The group eating the superfruit had improved memory and better access to words and concepts.
Eating blueberries could help improve memory and cognitive function, a new study finds.
Researchers recruited 47 older adults with mild cognitive impairment.
Some of them had the equivalent of a cup of blueberries in powder form each day for 16 weeks.
Others had a placebo powder.
Professor Robert Krikorian, who led the research, explained the results:
“There was improvement in cognitive performance and brain function in those who had the blueberry powder compared with those who took the placebo.
The blueberry group demonstrated improved memory and improved access to words and concepts.
Our new findings corroborate those of previous animal studies and preliminary human studies, adding further support to the notion that blueberries can have a real benefit in improving memory and cognitive function in some older adults.”
A second study examined older people who thought their memories might be declining, but who did not have a diagnosis.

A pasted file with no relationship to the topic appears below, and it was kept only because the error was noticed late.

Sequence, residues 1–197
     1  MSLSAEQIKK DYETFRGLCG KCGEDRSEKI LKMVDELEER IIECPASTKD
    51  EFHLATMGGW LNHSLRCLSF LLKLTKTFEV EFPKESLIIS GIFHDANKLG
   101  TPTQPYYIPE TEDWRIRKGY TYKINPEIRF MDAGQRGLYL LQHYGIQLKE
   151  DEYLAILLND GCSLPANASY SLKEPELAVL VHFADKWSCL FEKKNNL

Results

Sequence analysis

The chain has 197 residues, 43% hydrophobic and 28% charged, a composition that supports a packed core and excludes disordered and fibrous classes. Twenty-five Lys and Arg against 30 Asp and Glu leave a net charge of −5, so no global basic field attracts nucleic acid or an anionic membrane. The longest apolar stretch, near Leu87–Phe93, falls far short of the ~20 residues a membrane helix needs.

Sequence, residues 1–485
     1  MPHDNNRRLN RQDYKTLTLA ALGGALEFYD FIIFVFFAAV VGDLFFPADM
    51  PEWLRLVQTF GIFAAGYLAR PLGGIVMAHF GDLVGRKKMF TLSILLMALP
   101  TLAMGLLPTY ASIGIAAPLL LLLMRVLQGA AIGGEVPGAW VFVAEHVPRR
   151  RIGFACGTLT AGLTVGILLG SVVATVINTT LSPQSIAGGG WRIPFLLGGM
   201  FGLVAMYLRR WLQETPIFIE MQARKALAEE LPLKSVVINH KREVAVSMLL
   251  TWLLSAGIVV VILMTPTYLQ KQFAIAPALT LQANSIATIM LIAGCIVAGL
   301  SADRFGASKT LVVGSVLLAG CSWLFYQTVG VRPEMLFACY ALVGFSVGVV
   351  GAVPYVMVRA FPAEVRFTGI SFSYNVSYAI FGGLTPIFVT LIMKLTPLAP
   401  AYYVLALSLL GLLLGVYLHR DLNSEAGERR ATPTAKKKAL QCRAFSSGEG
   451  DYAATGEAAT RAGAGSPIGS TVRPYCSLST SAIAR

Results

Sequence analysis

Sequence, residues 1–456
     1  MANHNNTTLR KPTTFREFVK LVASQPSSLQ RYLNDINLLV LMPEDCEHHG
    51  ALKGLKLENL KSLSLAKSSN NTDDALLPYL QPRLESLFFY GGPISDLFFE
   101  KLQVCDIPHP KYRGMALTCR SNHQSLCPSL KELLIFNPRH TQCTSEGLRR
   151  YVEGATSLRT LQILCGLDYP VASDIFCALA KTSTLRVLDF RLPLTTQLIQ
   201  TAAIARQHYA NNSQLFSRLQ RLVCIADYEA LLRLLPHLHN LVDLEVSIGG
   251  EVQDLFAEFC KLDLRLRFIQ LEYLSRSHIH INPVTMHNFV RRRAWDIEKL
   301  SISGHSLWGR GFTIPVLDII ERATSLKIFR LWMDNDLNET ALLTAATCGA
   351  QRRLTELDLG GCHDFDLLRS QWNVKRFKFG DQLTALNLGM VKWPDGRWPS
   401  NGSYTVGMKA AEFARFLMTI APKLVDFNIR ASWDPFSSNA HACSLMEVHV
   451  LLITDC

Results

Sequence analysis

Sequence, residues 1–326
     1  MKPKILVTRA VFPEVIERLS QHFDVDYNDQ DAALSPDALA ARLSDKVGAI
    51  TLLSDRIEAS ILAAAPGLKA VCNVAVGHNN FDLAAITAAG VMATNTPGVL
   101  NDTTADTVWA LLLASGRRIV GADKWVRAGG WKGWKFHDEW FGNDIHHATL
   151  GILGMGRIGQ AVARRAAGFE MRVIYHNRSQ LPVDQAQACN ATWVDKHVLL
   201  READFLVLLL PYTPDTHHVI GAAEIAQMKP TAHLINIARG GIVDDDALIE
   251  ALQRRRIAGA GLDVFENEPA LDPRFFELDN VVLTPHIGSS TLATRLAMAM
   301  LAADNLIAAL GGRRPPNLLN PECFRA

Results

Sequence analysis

They were split into four groups with comparison groups for fish oil and various other combinations.
Professor Krikorian said:
“The results were not as robust as with the first study.
Cognition was somewhat better for those with powder or fish oil separately, but there was little improvement with memory.”
It could be that the blueberries are better for people with some impairments and not so effective for those who are more healthy, Professor Krikorian said.
The study was presented at the at the 251st National Meeting & Exposition of the American Chemical Society (ACS).
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